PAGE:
Tamoxifen is a popular breast cancer treatment that can be taken for up to five years to prevent a recurrence. Conversely, paroxetine is a selective serotonin reuptake inhibitor (SSRI) antidepressant that is typically used to treat major depression, obsessive-compulsive, panic,social anxiety, and generalized anxiety.
Paroxetine has revealed promise for easing the hot flashes that can occur after cancer treatment. However, this anti-depressant has been known to have side effects such as nausea, somnolence, and sexual problems. This medication is also associated with significant weight gain and adult suicide.
Researchers studied the health records of 2,430 women taking tamoxifen between the years 1993 and 2005. They discovered that roughly 25% or 630 of these women were also taking paroxetine. Of the 1,074 women that died during this period, 374 of them died from breast cancer according to Ontario's cancer registry.
“Tamoxifen is an extremely important drug for breast cancer," said Dr. David Juurlink, a co-author of the study and a scientist at the Institute for Clinical Evaluative Sciences in Toronto. Paroxetine "takes that benefit away by interfering with the body's normal handling of tamoxifen. Specifically, researchers concluded that paroxetine blocks or inhibits an enzyme called cytochrome P450 2D6, which is needed to metabolize tamoxifen into its active form.Although the evidence suggests that this anti-depressant must be stopped, researchers caution against abruptly ceasing treatment with paroxetine because of withdrawal effects and worsening of depressive symptoms.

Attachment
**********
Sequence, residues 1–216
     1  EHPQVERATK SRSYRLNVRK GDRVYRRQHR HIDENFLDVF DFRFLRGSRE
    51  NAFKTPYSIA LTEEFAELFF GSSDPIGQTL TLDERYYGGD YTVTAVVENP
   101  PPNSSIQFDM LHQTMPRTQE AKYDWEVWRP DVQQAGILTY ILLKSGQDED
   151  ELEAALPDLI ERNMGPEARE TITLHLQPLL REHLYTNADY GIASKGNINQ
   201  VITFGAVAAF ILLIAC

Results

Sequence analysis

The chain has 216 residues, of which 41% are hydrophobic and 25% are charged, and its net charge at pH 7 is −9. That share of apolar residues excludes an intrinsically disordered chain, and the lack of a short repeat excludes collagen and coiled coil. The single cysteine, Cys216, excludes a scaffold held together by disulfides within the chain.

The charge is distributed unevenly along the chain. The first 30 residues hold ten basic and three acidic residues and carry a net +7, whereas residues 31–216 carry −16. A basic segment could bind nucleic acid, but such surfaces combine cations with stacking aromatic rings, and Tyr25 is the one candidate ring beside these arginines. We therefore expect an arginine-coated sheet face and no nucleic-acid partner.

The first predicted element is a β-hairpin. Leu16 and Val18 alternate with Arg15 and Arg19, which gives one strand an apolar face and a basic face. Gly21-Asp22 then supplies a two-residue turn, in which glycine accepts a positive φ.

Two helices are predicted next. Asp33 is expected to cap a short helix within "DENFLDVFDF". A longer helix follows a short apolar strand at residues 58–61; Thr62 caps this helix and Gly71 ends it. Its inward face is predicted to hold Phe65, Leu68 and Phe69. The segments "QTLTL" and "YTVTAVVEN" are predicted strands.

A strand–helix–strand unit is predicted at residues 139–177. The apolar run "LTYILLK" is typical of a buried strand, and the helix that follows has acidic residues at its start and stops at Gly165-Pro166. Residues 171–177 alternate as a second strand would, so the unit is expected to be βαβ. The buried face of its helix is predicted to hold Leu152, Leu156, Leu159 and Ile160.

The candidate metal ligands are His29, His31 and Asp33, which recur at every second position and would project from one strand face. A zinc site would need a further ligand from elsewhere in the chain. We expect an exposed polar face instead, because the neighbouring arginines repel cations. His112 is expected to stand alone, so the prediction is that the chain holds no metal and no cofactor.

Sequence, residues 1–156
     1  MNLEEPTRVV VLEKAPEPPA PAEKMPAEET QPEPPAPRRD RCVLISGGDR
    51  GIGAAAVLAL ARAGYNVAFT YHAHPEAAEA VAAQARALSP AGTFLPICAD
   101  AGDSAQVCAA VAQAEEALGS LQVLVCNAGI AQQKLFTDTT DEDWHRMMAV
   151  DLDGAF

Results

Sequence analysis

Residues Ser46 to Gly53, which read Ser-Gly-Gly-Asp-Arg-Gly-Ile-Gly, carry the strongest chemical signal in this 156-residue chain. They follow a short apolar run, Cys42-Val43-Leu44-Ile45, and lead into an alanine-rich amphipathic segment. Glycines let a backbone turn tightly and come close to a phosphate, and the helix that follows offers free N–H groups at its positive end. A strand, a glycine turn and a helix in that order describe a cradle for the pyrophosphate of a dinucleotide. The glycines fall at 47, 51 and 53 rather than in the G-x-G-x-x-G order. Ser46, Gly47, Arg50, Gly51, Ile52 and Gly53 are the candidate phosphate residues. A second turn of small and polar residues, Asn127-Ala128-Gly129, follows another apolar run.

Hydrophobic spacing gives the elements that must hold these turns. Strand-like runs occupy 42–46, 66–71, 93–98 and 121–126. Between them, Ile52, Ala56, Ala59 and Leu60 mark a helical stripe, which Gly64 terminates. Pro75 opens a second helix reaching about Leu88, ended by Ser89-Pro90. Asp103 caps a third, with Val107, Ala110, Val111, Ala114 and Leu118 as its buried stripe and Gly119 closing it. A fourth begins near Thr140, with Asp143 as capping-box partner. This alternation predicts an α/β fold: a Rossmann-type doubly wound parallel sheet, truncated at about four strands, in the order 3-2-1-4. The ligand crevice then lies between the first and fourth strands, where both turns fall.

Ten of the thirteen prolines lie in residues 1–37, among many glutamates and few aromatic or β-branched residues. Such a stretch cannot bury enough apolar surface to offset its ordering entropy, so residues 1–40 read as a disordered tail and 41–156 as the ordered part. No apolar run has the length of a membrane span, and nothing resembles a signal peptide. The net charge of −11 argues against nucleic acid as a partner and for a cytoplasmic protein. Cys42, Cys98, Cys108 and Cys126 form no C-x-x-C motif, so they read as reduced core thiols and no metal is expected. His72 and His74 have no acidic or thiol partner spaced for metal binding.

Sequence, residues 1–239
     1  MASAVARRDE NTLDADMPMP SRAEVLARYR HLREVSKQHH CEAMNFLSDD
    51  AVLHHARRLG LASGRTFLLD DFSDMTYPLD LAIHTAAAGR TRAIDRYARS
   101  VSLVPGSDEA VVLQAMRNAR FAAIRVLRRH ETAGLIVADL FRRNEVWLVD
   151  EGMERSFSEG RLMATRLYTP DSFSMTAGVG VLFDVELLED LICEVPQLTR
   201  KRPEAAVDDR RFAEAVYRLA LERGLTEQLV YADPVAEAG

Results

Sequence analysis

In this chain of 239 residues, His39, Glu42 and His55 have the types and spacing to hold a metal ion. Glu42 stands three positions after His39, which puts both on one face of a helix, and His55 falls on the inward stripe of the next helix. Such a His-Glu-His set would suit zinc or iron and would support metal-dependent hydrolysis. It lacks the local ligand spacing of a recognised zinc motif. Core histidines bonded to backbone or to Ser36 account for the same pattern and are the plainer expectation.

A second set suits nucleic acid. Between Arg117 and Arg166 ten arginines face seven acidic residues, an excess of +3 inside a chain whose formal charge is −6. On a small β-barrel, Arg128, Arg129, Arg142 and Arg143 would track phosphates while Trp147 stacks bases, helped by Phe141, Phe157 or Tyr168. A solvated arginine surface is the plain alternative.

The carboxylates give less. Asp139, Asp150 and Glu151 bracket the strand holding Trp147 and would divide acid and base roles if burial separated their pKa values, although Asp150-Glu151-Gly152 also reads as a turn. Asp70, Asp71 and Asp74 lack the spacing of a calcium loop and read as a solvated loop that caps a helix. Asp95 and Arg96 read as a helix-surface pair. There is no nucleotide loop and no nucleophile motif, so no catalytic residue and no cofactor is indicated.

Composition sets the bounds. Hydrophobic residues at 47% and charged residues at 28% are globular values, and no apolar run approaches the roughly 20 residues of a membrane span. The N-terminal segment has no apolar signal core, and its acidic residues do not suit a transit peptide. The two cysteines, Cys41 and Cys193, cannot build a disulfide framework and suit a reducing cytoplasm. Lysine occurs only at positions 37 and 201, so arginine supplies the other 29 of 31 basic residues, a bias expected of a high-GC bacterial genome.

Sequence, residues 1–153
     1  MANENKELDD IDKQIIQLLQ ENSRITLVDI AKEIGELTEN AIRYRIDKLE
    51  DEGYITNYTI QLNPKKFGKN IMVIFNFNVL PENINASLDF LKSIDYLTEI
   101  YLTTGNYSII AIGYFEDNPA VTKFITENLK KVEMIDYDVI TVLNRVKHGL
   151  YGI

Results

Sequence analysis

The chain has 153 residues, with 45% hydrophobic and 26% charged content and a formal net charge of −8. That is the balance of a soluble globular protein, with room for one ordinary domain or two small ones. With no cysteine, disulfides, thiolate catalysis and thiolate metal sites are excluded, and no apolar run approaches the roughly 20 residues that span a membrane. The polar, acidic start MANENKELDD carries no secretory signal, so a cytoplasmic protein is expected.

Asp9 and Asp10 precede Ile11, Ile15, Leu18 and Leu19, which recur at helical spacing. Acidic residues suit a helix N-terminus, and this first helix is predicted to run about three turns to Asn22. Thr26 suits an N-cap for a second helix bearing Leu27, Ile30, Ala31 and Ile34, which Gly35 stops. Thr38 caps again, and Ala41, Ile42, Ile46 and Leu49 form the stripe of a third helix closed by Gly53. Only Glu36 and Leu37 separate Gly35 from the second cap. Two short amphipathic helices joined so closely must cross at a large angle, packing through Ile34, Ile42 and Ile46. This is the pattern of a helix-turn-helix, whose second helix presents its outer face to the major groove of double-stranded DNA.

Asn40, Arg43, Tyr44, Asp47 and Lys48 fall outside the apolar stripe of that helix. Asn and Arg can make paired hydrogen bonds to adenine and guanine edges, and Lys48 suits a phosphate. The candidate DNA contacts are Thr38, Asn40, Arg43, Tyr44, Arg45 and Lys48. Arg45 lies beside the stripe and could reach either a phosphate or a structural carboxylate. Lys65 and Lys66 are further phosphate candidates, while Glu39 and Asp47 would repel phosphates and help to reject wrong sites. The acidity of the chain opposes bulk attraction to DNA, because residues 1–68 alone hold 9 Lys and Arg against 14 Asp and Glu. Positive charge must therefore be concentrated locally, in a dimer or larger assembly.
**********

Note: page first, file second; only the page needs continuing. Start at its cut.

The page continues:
Interestingly, the study did not find any increased risk of death among the smaller sample of women taking tamoxifen combined with some other SSRI, such as fluoxetine (Prozac), sertraline (Zoloft), citalopram (Celexa) and venlafaxine (Effexor). However, this smaller sample size may confound the study’s conclusiveness; however it does suggest that attractive alternatives exist.
Furthermore, there are always unanswered questions when it comes to research that focus on health records as several variables are unknown and uncontrolled. That being said, the slightest risk identified should be enough to stop using this medication, especially when there are equally effective substitutes.
Also, in recent news…
“In the first Paxil birth defect trial that resulted in a $2.5 million verdict against GlaxoSmithKline in October 2009, the infant, Lyam Kilker, was born with three heart defects; an atrial septal defect, a ventricular septal defect, and an interrupted aortic arch, after his mother took Paxil while pregnant.”Antidepressant interferes with breast-cancer drug
Paxil Birth Defect Trial - Battle of the Experts
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